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Govt decries CECA violation by Singapore

The country has imposed restrictions on inflow of foreign workers, which is going to affect Indians working there

Nayanima Basu  |  New Delhi 

Those of you planning to make it big in might be in for a setback. recently made certain changes to its Employment Pass Framework law to reduce inflow of foreign workers significantly to create more job opportunities for local professionals. The move is expected to impact even those Indians working there at present across various sectors.
 
The amendments, made on a proposal by its Ministry of Manpower, has armed the government to bring down the foreign share of the total workforce to around one-third while encouraging employers to invest in productivity in return for incentives in the form of tax breaks.
 
The move came as a recent Singapore's policy paper predicted that its population would grow by 30 per cent to 6.9 million by 2030, with immigrants making up nearly half that figure. The paper led to demonstrations in yesterday, a rare happening in the country, in protest against rise in immigrants. 
 
The step has irked India as the new law does not give India a preferential treatment incorporated in the Comprehensive Economic Partnership Agreement (CECA) between the two countries, operational since 2005. This stance by the Government is expected to affect Indians working as middle-level managers, executives and technicians.
 
Speculations are rife that India might take up the issue with World Trade Organization’s (WTO) dispute settlement body. However, according to such a decision was imperative in the interest of the natives as the share of the foreign workforce is rising very rapidly.
 
“The one-third is a long term target and we have not imposed quotas as such for any country. Of course, the end result is still a reduction of the current foreign workforce numbers. But in doing so, I do not think we have contravened our commitments in the WTO or the Moreover, this is not specifically targeted to any one country. We remain very open to foreign talent,” a senior government official told Business Standard.
 
According to the government, the demand of Employment Passes (EP) has surged since its economic recovery in 2010, necessitating such a step.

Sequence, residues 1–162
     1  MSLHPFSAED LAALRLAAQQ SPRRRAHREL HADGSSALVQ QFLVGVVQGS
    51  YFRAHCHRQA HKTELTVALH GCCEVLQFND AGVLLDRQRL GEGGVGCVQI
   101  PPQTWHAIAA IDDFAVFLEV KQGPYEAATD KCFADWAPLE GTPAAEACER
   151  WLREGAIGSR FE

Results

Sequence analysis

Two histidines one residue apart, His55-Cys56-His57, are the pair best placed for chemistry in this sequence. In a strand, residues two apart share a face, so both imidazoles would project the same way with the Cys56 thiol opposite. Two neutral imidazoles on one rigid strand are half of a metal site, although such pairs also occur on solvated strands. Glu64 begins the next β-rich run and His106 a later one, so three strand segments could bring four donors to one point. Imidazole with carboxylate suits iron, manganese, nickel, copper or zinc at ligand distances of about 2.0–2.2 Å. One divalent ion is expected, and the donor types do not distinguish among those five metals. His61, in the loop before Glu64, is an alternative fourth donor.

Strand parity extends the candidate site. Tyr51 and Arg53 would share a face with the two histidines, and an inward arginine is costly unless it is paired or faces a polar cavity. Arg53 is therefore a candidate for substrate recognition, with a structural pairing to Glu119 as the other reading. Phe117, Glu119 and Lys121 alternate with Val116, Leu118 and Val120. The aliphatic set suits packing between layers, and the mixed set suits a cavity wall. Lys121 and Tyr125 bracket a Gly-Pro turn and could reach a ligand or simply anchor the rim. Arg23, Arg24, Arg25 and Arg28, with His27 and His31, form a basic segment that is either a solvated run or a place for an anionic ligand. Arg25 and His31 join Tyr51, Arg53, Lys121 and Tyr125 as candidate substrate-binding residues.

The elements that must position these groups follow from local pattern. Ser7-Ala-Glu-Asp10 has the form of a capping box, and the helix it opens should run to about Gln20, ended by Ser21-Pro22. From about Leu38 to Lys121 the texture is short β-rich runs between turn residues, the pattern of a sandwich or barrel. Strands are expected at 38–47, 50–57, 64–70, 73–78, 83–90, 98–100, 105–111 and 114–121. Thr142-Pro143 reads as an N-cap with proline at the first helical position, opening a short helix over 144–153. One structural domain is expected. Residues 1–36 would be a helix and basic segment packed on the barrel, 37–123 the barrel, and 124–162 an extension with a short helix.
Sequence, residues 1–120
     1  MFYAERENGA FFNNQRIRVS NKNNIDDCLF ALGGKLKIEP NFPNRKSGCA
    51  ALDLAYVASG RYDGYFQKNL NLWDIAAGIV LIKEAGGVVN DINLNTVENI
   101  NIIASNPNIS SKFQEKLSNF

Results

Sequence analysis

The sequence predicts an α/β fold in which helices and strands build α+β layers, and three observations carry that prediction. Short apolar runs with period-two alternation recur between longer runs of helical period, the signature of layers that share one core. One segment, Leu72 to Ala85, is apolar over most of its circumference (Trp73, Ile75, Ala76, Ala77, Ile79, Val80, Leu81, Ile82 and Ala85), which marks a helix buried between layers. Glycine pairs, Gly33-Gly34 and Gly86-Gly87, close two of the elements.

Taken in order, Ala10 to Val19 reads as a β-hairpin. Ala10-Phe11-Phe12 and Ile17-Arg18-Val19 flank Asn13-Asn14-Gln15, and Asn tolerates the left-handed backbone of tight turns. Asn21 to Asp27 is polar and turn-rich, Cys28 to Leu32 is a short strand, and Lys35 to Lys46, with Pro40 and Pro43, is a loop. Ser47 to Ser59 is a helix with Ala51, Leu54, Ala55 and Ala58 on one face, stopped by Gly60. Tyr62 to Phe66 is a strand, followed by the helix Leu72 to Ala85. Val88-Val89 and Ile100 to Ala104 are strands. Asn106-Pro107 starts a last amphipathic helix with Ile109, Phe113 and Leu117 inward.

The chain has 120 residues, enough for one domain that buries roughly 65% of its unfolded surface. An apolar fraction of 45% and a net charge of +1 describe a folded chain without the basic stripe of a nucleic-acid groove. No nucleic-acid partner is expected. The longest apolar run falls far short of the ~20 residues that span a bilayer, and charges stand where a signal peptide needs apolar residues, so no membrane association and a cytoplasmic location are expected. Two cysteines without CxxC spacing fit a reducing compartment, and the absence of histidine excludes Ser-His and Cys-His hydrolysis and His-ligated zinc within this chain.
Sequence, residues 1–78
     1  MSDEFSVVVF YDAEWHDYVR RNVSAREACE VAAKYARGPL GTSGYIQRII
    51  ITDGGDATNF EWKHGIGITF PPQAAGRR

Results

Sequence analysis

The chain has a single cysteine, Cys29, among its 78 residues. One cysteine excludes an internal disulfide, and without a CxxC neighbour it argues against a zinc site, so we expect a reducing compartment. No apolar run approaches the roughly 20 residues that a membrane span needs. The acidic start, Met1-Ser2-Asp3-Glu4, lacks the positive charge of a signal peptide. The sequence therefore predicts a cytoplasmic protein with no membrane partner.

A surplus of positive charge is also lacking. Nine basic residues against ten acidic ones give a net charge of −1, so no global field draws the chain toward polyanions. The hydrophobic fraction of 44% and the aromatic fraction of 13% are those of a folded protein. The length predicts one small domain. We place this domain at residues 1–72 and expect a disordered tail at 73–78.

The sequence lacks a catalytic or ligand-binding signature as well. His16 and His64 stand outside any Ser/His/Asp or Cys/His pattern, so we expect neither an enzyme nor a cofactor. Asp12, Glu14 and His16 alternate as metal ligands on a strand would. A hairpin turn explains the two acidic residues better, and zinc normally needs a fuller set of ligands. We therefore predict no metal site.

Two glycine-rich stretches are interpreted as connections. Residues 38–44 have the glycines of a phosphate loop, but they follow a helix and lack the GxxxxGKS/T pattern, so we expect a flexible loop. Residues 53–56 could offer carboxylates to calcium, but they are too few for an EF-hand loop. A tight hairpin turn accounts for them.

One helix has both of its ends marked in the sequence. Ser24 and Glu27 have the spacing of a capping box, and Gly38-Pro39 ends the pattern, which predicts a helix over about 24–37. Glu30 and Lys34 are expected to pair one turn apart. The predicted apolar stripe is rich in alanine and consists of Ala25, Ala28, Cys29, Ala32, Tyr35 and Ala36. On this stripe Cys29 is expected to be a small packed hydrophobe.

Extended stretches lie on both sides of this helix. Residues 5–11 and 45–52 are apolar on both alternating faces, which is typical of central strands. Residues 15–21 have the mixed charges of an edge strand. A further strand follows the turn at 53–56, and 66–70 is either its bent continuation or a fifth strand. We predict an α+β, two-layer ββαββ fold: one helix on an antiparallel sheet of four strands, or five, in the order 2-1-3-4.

There are three types of professional passes under EP – Q1, P2 and P1, depending on the kinds of jobs. As per the new law, the qualifying salary thresholds for Q1 and P2 Passes have been raised from $2,800 to $3,000, $4,000 to $4,500 respectively, while for P1 it remains unchanged at $8,000.  The educational qualifications requirements have also been tightened under the Q1 Pass category. Foreign professionals who are already working at present would have to earn even higher salaries to retain their work permits.
 
The government is taking these measures--raising the salary ceilings of employment passes or increasing the work permit levy-- to increase cost for companies to bring in foreign talents. Additionally, it will offer incentives to those companies in the form of tax breaks for using high-end technology to do the same job instead of being dependant on labour.
 
Both India and are currently reviewing the , the talks for which started in 2010. But it has been stuck ever since over various issues, and now this law is all set to create further hurdles. 
 
According to Indian officials involved in the negotiations, this is a violation of the services trade agreement under This will also adversely affect Indians who are working there as it might lead to job losses, especially for the middle level workers.
 
India has submitted a request to for addressing the matter but has not received a formal communication yet.
 
Currently, there are about 2,00,000 non-resident Indians in working in ITES, financial services and scientific research sectors among others, according to one estimate.

First Published: Sun, February 17 2013. 12:17 IST
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